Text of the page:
So we do not buck against this even if those others do, but the question could be asked and might be in your mind, "Well, what about the responsibility of man in these things, then? If all things are certain to occur, then why do we even bother to try? Why do we even pay attention to what we're doing?" Well, beloved, in brief: yes, God has appointed what will occur and so great and majestic is his decree that he has also appointed the means by which things will occur. God has appointed that there would be a people who would believe in Jesus Christ. Romans 10 says that doesn't happen in a vacuum, that men believe in Christ as people are preaching the Gospel to them. So the end that God appoints that men would believe in Christ, is fulfilled by a means that God has appointed through the preaching and proclamation of the Gospel. That's only one illustration of it. Our efforts are part of the divine decree.
And listen, two things that I would say about this. You can say this, "How then do I live? How am I supposed to live in response to teaching like this?" To which I say wouldn't it be wonderful if God had given us a perfectly sufficient book to show us exactly what we should do in response to his divine decree? Oh, wait, I've got it in my hands. I've got a Bible in which God has revealed not only the reality of his decree but how men should live in response to it, how men should contemplate themselves. And beloved, far from making us careless and indifferent and robbing us of motivation as we live as we contemplate the divine decrees, understand this: God will judge us not according to his decree but by our response to his revealed will. God has made his will known for your life in his word and how you respond to that will be the basis upon which he judges you.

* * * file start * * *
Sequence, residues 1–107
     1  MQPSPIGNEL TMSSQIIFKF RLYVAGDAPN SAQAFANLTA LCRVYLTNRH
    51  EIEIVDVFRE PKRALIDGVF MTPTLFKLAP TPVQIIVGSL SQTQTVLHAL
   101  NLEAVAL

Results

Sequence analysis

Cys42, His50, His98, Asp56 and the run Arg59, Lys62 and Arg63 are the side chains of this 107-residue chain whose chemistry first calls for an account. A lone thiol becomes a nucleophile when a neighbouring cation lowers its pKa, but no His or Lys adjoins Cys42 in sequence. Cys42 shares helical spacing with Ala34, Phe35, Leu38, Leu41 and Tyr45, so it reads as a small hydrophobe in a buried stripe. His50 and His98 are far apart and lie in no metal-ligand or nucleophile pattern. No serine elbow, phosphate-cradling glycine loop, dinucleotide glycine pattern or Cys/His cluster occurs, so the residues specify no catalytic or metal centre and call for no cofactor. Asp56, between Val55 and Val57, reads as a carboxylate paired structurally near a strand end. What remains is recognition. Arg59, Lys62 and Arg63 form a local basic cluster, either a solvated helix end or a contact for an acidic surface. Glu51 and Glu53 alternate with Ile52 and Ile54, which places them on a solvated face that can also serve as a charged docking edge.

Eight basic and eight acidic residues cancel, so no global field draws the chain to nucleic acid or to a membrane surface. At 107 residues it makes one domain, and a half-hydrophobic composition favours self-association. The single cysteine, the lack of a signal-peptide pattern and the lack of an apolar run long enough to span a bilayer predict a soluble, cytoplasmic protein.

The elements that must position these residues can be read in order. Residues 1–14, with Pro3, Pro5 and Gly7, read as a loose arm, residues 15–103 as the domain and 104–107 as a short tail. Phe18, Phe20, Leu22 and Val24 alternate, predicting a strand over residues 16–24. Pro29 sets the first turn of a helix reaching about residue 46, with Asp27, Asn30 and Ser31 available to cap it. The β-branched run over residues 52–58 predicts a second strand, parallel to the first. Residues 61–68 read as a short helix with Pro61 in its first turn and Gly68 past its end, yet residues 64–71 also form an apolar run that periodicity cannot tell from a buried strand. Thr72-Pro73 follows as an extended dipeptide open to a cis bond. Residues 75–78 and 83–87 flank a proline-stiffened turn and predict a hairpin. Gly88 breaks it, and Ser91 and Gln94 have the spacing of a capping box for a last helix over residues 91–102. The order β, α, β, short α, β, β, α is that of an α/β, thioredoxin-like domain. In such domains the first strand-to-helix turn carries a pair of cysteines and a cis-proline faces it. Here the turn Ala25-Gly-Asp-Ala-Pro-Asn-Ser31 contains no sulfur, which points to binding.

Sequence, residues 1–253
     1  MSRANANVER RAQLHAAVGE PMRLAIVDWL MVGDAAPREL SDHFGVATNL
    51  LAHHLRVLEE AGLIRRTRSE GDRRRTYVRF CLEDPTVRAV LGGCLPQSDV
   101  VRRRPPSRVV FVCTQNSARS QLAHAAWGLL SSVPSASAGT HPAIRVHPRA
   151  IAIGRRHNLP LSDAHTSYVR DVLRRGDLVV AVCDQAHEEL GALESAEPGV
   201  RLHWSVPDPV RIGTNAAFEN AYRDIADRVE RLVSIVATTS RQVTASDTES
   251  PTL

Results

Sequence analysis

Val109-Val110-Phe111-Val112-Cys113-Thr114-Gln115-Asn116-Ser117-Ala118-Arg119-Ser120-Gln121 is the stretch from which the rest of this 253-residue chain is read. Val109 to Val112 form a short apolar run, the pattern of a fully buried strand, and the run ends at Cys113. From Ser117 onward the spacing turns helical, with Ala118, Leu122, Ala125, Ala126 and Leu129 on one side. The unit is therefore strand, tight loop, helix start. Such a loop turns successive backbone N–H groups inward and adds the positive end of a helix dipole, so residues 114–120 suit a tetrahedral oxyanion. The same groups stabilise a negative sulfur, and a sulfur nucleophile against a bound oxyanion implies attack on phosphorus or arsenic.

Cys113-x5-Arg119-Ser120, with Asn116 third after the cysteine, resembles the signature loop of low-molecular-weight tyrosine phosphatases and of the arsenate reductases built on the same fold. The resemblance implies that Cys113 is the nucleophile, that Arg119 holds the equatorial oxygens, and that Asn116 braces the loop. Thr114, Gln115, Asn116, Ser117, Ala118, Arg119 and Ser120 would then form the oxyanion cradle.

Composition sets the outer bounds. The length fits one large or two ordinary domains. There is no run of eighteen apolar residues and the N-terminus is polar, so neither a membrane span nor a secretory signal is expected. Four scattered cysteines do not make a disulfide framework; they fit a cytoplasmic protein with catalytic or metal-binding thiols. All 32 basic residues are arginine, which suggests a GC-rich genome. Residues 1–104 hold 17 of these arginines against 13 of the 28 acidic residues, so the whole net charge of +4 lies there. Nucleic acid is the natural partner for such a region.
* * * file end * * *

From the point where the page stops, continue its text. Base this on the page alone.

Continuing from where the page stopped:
So the reality of the divine decree does not take away incentive for life and incentive for intelligent thought, it provides the basis for those things to happen. I want to tell you, you think about these things rightly, when you think about these things rightly, do you know what happens? All of a sudden you realize that every detail of your life is vested with eternal significance because it is rooted in the divine decree. There is nothing that is mundane. There is nothing that is irrelevant. There is nothing that is too small to be noticed. I mean, if Christ said that he would reward his disciples for a cup of cold water given to another disciple, if he will go to that level in the reward, then if he'll go, if he says, "Whatever you do whether you eat or drink, whatever you do, do all to the glory of God," you see all of a sudden that the truth of the divine decree vests all of life with meaning because it's all connected to the purposes of God to which we gladly devote ourselves and give glory to his name.
Now, sixthly: we say that the decrees are comprehensive. We don't need to spend much time here because I've been saying this all along. The decrees are comprehensive, by which we mean everything is included in the divine decree. Everything is included. God rules over nations. The greatest motions of world history are under his hand, and at the same time, Scripture tells us that a sparrow does not fall to the ground apart from him.